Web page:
It is clear now that there are many things setting WeChat apart from platforms in China that are either blocked or censored to the point where they lose their usability (e.g. Facebook, Twitter, and WhatsApp). There are significant differences between the privacy policy and encryption of WeChat, and those of blocked platforms in China. For starters, WeChat doesn’t use end-to-end encryption, unlike that of similar apps such as WhatsApp. Instead, they censor messages and posts on the server side, meaning that no message is truly private. [4] Additionally, WeChat’s privacy policy includes a section that states that user data will be retained for as long as it is needed in order to follow government laws. Given these excessive censorship methods, Tencent (developed WeChat) was given a 0/100 on Amnesty International’s report on user privacy. [5] In spite of all these facts, Tencent would still like users to “rest assured, respecting user privacy has always been one of WeChat’s most important principles”, and China had previously claimed that they didn’t censor the Internet or block VPNs. [6]

Banned Words and Phrases

The University of Toronto’s Citizen Lab research group recently did a study of specific words banned by the government. The current list includes some expected words and phrases, but also some more obscure ones. Among censored words and phrases are ‘Xitler’ (a play on words with the name of China’s current president, Xi Jin Ping), Middle Way + Dalai Lama (when used in conjunction with one another), 1989 year + crackdown on students, and Xi Jinping took office + officials commit suicide + abnormal death. [7] This list is constantly updated with the evolution of real-life events, so there isn’t huge gain to be made by deciphering all of the currently blocked words.


The government recently rolled out a new initiative to encourage social media users to self-censor their activity online. They gave group administrators full responsibility for topics discussed in their groups, meaning that if one member of the group was to speak against the government, the facilitator of the group would be blamed. Given WeChat’s capability of holding upwards of 500 people in a single group, this is a heavy responsibility for administrators to bear. As a result, this scared many people into avoiding groups in which they were administrators, and even deleting groups that they were previously administrators for. [8]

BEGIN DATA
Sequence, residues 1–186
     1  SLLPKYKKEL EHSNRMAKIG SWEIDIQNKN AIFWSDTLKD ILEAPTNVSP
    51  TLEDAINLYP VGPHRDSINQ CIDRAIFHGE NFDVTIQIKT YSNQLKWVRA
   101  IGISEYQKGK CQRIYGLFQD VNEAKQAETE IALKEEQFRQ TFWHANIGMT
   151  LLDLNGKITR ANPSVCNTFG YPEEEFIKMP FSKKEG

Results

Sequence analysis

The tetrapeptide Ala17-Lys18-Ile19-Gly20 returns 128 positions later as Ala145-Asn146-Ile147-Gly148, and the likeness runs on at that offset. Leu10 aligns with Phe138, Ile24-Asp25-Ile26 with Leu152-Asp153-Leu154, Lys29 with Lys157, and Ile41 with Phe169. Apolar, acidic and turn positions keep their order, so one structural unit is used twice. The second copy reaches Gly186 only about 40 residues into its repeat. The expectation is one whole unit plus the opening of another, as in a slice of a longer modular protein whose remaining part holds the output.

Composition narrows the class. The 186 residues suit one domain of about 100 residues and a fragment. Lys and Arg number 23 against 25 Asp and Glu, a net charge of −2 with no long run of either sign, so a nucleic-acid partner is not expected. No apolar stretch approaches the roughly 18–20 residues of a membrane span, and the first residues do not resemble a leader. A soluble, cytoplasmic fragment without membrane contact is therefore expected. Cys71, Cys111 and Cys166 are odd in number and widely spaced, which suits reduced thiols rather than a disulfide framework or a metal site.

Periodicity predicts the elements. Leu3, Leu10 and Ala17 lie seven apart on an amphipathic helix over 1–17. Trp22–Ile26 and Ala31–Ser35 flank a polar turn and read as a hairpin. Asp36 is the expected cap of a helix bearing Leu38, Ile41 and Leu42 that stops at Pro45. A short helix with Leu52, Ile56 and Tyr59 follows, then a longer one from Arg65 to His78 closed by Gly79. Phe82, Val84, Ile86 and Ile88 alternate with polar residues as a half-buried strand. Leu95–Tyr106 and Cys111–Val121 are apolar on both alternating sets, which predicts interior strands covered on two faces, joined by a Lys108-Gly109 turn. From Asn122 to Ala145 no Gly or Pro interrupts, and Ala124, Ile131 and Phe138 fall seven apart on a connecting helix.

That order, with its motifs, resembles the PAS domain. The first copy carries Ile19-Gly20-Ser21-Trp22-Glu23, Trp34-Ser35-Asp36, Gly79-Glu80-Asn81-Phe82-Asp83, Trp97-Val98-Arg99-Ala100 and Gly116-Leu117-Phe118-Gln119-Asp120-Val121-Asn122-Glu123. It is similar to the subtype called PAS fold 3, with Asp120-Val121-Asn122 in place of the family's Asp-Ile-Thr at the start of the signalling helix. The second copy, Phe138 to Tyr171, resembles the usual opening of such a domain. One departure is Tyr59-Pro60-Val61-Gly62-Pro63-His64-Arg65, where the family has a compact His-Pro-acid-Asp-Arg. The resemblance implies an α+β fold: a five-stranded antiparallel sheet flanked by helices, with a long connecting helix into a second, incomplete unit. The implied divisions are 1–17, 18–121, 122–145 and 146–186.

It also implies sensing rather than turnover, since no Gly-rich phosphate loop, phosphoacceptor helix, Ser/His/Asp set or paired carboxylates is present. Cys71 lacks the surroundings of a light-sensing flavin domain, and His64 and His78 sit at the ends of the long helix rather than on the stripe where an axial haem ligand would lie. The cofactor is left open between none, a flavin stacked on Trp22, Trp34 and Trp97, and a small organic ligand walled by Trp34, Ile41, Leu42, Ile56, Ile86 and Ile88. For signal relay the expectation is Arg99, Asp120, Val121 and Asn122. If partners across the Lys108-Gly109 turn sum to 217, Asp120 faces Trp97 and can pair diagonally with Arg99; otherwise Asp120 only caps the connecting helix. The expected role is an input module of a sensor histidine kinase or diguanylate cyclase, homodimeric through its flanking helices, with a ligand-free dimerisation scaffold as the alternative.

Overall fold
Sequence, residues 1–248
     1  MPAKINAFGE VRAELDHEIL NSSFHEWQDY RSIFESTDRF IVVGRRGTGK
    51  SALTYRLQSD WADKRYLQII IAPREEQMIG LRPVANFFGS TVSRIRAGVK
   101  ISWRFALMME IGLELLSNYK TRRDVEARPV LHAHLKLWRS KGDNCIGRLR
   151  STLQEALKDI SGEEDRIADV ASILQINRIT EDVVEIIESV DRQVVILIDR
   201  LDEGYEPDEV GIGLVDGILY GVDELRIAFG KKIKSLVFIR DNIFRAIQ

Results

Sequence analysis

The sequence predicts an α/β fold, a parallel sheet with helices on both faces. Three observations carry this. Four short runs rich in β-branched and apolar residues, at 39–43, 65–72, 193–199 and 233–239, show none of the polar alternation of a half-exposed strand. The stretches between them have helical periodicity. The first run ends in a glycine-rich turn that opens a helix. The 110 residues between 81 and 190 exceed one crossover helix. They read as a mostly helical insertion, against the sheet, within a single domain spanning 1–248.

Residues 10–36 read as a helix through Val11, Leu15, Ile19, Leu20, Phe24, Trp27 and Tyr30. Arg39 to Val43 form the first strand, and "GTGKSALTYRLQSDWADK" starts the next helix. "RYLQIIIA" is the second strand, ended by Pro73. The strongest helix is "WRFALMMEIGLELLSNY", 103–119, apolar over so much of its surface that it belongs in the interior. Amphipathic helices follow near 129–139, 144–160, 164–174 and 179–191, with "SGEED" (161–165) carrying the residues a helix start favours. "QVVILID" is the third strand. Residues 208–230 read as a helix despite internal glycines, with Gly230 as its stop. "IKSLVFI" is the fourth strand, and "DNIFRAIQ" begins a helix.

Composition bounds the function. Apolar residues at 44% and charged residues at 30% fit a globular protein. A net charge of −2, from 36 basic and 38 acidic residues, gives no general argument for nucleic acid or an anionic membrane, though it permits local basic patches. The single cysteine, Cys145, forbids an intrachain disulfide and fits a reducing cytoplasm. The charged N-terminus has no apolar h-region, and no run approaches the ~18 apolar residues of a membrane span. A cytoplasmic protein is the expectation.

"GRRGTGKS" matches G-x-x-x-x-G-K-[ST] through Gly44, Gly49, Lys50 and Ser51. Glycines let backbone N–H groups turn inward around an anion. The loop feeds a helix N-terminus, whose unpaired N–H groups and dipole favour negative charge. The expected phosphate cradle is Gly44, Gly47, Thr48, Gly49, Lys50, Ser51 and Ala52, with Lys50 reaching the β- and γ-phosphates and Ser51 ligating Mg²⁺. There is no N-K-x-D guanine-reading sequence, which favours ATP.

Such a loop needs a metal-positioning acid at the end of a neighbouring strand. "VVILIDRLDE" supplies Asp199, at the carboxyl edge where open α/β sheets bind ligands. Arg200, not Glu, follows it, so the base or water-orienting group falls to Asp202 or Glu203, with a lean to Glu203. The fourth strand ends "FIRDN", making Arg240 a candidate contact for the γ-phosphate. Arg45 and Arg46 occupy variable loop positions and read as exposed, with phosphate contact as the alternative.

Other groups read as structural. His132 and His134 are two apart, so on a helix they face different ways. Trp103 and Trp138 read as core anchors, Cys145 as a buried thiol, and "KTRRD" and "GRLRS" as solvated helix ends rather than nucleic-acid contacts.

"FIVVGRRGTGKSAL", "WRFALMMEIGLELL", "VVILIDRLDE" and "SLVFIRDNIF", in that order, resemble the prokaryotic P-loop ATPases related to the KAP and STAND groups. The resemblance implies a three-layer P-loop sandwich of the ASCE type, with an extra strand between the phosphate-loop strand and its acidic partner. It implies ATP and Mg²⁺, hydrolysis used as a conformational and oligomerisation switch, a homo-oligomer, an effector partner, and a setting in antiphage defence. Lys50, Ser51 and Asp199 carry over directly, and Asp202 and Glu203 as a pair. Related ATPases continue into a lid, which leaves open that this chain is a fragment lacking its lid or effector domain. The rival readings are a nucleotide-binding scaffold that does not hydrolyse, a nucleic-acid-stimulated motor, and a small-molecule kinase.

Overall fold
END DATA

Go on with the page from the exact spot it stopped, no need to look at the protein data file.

Blocked Messages

Historically, WeChat users would be informed if a photo they posted or a message they sent contained sensitive content that didn’t allow it to be delivered. However, WeChat changed its way of handling the matter by removing the notification that the message sent had been blocked. Now, WeChat users are able to see their own blocked messages and photos, but will never know whether it was actually delivered to the receiving end unless they specifically ask the person. [9]

The Future of WeChat and Privacy

Willy Shih, a Harvard Business School Professor of Management, stated when asked about privacy in China, “It’s not an issue over there because you don’t have any privacy”. On a similar note, Matt Wright, director of emerging markets at AngelHack, stated about China, "it’s culturally ingrained that the government has access to your life”. [10] This spotlights a serious ethical issue that needs to be confronted, but WeChat is doing the exact opposite. By working in conjunction with the government, WeChat is bringing the government one step closer to gaining complete control over communication in China and is responsible for the country taking steps backwards in the realm of human rights, as shown by the 709 crackdown. [11] As WeChat develops more use cases, it will become increasingly difficult for users to leave the platform. This is often referred to as network effects. It becomes increasingly disadvantageous for users to leave as WeChat gains popularity. Leaving the platform will mean needing to carry around physical credit cards, finding new ways to perform daily tasks such as calling a taxi, and overall, leaving convenience and community behind. This increase in use cases is happening simultaneously with the increase in government censorship, and raises uncertainty for the future of WeChat and whether the government will seize complete control over it.


  1. 1.0 1.1 Liao, Shannon. "How WeChat Came to Rule China" (1 February 2018. Retrieved on 14 March 2018.)
  2. Chen, Lulu Yilun. "China's Latest Crackdown on Message Groups Chills WeChat Users" (12 September 2017. Retrieved on 14 March 2018.)
  3. Chao, Eveline. How WeChat Became China’s App For Everything (2 January 2017. Retrieved on 26 April 2019.)
  4. Sonnad, Nikhil. "What happens when you try to send politically sensitive messages on WeChat" (17 April 2017. Retrieved on 14 March 2018.)
  5. Liao, Shannon. "How WeChat Came to Rule China" (1 February 2018. Retrieved on 14 March 2018.)
  6. Greene, Tristan. "China’s censorship crackdown targets WeChat, Weibo, and Baidu" (1 August 2017. Retrieved on 14 March 2018.)
  7. Sonnad, Nikhil. "What happens when you try to send politically sensitive messages on WeChat" (17 April 2017. Retrieved on 14 March 2018.)
  8. Chen, Lulu Yilun. "China's Latest Crackdown on Message Groups Chills WeChat Users" (12 September 2017. Retrieved on 14 March 2018.)
  9. Sonnad, Nikhil. "What happens when you try to send politically sensitive messages on WeChat" (17 April 2017. Retrieved on 14 March 2018.)
  10. Liao, Shannon. "How WeChat Came to Rule China" (1 February 2018. Retrieved on 14 March 2018.)
  11. Amnesty International. "CHINA'S CRACKDOWN ON HUMAN RIGHTS LAWYERS" (22 June 2016. Retrieved on 14 March 2018.)